With a number of television programmes gracing the airwaves today being aimed at collectors and fans of antiques, viewers can sometimes be spoilt for choice.
From old favourites to modern classics, let us take a look at a few of the best:
Where better to start than with a show that has become a British institution? With broadcasting having started in 1979, Antiques Roadshow is also by far the longest running example on this list, and it has spawned a number of foreign variations.
Currently hosted by Fiona Bruce, the programme’s format has remained much the same for decades. The Antiques Roadshow team will visit a venue somewhere in Britain and locals are encouraged to bring along any items that they are curious about, especially if it holds a special connection to where the show is being held.
The evaluators will study the pieces, which can cover anything from small household items to large pieces of late Victorian furniture, before telling its story. This adds a cultural element to the show that many enjoy.
Focused more on the auction side of antiques rather than the objects themselves, Flog It! has been running since 2002 and is presented by Paul Martin.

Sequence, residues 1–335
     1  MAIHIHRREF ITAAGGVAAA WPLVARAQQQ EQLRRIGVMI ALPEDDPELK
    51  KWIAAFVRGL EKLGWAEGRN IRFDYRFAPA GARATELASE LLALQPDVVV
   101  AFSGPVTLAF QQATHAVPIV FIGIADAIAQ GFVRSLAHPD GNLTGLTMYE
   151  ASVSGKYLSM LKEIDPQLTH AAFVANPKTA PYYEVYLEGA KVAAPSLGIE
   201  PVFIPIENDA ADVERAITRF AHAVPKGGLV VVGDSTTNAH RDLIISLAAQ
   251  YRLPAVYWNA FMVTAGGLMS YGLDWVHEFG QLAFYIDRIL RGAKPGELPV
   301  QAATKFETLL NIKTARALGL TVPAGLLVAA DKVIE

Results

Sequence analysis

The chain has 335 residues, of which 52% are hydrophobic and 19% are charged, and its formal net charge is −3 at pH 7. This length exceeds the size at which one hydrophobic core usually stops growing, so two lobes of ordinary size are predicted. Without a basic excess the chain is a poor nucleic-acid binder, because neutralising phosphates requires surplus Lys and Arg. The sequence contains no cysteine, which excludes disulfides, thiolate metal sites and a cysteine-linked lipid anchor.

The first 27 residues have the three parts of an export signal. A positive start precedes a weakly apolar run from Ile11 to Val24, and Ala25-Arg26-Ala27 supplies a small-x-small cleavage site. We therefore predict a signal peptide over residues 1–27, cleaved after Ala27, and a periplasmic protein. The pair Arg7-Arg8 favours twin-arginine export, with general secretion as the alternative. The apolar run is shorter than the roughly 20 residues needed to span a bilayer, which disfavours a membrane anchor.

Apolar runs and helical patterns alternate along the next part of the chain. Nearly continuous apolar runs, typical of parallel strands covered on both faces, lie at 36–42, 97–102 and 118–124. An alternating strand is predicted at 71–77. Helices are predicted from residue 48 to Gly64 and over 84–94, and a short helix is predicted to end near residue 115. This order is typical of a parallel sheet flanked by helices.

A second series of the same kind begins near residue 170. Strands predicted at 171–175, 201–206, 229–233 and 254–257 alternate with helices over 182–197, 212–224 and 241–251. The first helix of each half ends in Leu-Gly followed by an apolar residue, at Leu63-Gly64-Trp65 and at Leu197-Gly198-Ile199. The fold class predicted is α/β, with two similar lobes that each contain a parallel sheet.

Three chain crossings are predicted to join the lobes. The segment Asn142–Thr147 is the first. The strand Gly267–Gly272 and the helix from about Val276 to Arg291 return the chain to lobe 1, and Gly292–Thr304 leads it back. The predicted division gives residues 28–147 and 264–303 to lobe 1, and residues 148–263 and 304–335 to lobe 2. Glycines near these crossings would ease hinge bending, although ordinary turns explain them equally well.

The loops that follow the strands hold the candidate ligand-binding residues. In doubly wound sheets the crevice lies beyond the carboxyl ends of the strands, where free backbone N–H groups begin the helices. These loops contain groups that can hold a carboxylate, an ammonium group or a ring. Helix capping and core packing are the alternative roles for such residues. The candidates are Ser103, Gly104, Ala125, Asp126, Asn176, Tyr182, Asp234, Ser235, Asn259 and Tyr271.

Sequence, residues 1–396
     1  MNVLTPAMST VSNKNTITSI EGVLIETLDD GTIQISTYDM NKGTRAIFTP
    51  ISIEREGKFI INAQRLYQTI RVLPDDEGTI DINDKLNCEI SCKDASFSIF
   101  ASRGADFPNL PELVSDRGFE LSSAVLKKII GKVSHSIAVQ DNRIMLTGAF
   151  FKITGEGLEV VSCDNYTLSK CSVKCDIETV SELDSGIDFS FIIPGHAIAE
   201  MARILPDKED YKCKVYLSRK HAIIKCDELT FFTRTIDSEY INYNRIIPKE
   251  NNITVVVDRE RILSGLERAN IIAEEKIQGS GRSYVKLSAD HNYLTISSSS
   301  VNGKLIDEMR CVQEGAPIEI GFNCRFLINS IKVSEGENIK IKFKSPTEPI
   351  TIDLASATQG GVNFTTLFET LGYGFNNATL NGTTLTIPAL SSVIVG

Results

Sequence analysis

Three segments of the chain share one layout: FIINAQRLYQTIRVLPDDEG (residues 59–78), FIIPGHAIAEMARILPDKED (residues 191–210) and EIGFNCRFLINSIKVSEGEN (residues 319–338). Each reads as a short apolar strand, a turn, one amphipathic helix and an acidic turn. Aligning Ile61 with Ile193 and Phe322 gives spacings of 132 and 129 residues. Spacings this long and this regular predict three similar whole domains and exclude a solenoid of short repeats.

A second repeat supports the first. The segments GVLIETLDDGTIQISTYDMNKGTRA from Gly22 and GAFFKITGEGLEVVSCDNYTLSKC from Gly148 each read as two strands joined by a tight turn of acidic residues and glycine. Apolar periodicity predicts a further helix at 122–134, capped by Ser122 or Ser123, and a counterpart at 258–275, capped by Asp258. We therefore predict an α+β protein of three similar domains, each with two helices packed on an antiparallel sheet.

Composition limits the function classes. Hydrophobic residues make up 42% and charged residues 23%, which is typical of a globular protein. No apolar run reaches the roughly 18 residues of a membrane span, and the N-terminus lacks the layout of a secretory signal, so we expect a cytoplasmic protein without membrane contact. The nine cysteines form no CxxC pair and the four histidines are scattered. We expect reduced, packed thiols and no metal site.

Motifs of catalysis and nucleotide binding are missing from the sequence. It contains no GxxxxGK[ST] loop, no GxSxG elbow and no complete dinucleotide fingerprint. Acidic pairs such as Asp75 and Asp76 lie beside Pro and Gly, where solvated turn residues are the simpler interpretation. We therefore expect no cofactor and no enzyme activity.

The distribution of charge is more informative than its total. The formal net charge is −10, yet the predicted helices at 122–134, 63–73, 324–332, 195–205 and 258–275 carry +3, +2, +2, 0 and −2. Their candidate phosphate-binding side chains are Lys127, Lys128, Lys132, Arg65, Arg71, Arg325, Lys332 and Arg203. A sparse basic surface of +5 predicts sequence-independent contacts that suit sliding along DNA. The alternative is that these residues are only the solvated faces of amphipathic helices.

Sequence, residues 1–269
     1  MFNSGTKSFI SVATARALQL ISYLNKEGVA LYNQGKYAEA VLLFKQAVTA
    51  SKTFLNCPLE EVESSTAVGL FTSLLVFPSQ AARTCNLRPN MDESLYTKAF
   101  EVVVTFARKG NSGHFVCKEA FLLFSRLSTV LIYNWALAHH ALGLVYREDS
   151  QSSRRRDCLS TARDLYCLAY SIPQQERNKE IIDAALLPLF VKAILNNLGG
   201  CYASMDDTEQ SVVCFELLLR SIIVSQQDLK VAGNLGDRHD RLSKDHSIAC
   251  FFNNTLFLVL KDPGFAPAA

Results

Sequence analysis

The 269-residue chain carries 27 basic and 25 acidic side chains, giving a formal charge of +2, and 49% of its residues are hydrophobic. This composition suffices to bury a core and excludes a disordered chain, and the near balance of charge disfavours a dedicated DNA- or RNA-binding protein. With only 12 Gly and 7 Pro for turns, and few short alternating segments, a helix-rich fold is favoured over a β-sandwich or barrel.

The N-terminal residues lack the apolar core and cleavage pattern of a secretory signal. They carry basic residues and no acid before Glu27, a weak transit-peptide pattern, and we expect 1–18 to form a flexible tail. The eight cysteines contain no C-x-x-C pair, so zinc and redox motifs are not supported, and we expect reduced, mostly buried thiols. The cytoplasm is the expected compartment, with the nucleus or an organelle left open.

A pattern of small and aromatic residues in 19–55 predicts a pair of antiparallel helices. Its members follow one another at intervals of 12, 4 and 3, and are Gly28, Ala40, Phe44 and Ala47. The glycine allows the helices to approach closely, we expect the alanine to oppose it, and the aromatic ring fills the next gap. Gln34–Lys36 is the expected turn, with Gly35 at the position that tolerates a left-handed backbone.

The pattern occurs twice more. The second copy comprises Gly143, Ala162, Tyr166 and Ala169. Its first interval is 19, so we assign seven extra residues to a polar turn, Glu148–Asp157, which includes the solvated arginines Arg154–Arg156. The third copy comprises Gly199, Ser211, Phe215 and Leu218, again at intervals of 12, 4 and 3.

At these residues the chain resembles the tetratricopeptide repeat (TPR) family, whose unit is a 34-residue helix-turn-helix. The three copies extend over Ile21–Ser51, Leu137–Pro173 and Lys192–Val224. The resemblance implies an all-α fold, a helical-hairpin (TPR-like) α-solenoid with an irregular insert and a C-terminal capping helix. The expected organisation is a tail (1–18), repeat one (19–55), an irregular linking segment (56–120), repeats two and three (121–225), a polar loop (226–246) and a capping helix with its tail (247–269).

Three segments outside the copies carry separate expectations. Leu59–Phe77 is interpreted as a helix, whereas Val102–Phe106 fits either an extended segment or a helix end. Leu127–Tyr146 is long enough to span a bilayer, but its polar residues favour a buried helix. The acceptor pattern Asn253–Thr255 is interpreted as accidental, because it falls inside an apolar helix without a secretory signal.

Another BBC show, Flog It! also tours the UK to find new locations for filming. Once there, a team of antiques experts will evaluate objects, with seven of them being put up for auction. While the sales do not generally exceed a few thousand pounds each, this adds an element of suspense to the programme.
A number of rare items have been discovered by the Flog It! team, including undiscovered artwork by the painter A. H. Fox.
Another popular antique show, which has been broadcast since 2000, is Bargain Hunt. Currently hosted by Tim Wonnacott, it was originally presented by David Dickinson.
Bargain Hunt operates more as a contest than the other shows, with two teams, one red and one blue, politely competing against one another to see who can make the most profit at auction. Usually, however, the rivalry seems to be settled by who loses the least.
The pairs of contestants are partnered with an expert and then let loose at a car boot sale to find their items, with a pre-set amount of money supplied by the show. As the ad-hoc markets can produce a number of finds, from ornate objects to antique wardrobes, the intrigue is in how much their discoveries will be worth.
Dickinson’s Real Deal
A staple of ITV’s daytime scheduling, Dickinson’s Real Deal has ran on the channel since 2006, making it the youngest show on this list. However, it has still proven quite popular with antiques enthusiasts, most likely in part due to the passion of its host, David Dickinson.
Similar to Antiques Roadshow, the owners of items ranging from retro toys to antique settees are invited to bring them along to a venue. However, they are then examined by independent evaluators before being passed on to the programme’s dealers.
These experts will then make a cash offer for the items, which the owner can either accept or turn down. Dickinson is able to interject advice to the owner to help them make their decision. If the offer is rejected, even after adjustment, then the piece will go to auction.